“For two years I had no word of Nando, nothing at all. It was so hard to get by–I had to sell most of the furniture, the antiques and my mother-in-law’s jewelry just to be able to get a little powdered milk for the baby. If it weren’t the Japs come to demand all the meager food we had managed to scrimp, it was guerillas who carted off the few chickens I had. You couldn’t stop worrying and being afraid. The servants all left and I was alone in that big house, with an infant.”
“You were alone?” I repeated. “Were you able to protect yourself against the ghosts?”
This time Lola Concha let out a chuckle. “Those war years were probably the most quiet I’ve had in that house. Not a peep, not a single movement all that time. Suddenly it was like there no longer was anyone or anything watching you all the time, lurking in the shadows. The house was totally, undeniably empty, like my world. My fear changed from being otherworldly to a real terror at the thought that my baby and I would not survive.”
“One day, a truck full of Japanese soldiers drove up and pushed Norman and I out into the streets with nothing except the clothes on our backs, not even giving me time to collect a single baby bottle. Some friends took pity on me and for a while we shuffled from home to home. Things got so bad I had to collect wild yams from the fields, walking miles everyday with a baby in my arms, to try to sell them at the market. Our house had been used as an officers’ quarters and every time I passed by how I used to wish the ghosts would return and drive those scoundrels clear mad–the only time I ever wanted their presence, and so badly at that.”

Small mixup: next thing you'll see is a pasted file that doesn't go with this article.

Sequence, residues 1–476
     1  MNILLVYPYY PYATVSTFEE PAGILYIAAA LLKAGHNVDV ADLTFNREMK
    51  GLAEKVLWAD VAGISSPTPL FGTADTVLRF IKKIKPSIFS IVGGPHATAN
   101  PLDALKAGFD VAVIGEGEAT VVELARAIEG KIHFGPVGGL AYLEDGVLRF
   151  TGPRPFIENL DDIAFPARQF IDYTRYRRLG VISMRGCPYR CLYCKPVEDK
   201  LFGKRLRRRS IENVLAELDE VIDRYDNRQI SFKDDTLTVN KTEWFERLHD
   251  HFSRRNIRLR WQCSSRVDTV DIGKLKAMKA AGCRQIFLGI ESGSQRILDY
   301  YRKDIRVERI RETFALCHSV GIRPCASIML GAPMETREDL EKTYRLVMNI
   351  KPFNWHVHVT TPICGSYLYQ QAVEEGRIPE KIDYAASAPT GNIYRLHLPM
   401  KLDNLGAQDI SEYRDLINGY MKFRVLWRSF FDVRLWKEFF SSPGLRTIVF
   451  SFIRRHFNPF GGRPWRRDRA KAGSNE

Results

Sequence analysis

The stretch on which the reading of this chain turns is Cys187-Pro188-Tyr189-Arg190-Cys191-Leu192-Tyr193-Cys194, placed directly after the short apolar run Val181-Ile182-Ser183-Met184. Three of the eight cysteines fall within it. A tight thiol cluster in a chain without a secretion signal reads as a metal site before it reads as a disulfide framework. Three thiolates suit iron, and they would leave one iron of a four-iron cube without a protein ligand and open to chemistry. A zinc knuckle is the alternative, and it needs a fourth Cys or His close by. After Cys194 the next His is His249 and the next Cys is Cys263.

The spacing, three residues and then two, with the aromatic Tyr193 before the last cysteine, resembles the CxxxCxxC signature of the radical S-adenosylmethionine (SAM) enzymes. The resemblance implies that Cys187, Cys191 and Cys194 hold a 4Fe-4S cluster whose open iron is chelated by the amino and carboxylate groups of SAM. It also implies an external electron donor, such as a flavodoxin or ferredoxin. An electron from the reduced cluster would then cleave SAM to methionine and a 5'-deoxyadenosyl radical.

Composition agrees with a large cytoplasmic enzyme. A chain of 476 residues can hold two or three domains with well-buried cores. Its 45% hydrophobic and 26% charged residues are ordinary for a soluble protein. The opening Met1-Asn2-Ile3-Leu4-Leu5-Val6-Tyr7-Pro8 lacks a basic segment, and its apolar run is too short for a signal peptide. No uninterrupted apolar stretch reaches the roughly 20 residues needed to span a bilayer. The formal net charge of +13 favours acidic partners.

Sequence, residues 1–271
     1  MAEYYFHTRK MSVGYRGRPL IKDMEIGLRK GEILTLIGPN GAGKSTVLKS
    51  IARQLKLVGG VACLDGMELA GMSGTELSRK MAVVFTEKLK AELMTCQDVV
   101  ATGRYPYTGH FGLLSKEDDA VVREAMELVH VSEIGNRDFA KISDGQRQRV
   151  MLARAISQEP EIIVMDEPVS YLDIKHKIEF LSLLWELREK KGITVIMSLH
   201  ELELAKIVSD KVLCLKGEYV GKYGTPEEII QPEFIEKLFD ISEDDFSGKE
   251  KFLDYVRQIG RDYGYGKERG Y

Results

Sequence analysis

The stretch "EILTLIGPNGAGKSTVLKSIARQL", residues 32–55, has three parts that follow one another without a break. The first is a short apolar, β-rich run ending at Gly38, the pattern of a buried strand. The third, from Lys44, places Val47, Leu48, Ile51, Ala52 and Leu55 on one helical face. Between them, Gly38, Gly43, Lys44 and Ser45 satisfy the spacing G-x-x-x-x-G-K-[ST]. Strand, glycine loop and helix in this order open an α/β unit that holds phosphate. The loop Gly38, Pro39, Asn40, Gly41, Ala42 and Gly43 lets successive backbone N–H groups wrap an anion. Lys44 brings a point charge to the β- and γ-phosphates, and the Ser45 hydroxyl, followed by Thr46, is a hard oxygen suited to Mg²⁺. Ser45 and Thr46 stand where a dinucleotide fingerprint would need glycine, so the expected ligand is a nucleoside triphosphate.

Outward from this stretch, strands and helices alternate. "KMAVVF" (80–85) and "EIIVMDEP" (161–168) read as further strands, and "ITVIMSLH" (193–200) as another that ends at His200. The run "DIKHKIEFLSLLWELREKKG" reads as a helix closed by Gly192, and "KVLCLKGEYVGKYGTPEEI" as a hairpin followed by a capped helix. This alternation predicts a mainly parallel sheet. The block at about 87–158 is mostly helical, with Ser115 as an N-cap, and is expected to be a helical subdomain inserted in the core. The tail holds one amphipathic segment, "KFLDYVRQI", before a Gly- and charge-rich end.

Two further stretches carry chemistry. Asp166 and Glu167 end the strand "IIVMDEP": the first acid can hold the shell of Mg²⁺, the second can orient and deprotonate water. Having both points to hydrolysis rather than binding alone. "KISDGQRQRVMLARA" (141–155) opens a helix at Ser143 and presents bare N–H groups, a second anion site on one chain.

Lola Concha cleared her throat and went on. “The hardship and the suffering seemed to go on forever. My baby, who had been sickly even before the war, was a heartbreaking sight–so thin and covered with sores from malnutrition.”
Lola Concha’s voice wavered. “I lost him halfway through the war. I wasn’t able to save him; one morning I woke up and beside me he was cold as ice, his tiny perfect body curled up against mine. Oh, my Lord.” She took a deep breath, and on reflex, I reached out to stroke her back.
A long moment passed, the shadows on the floor grew longer and more sounds tinkled in–dogs barking, vendors rattling their carts past on the way home.
“Lola,” I started. It was now or never. “They say that…”
“That I killed my husband,” Lola Concha finished in a faint voice. She looked up at the altar. “I think I did, hija.”
I couldn’t speak. I felt her hand on mine, it was dry and light as paper.
“Things were never the same after the war. I did see Nando again, after liberation. The Japanese had fled from the city and I ventured inside the house again, spent a whole week scrubbing it of their reek. Then Nando showed up, almost unrecognizable, the skin so tight on his head he looked like a skull. He had shrunk so much that I was able to dress him up in a pair of my pants. He was so infested with lice that his skin was pitted and almost black.”
“When I saw him I started wailing about Norman, but he pushed past me without a word and lay immobile on the dining room floor. I couldn’t even get him to talk about what he had gone through. Eventually, he said that he had gone up the mountains after the surrender, and joined a guerilla unit.”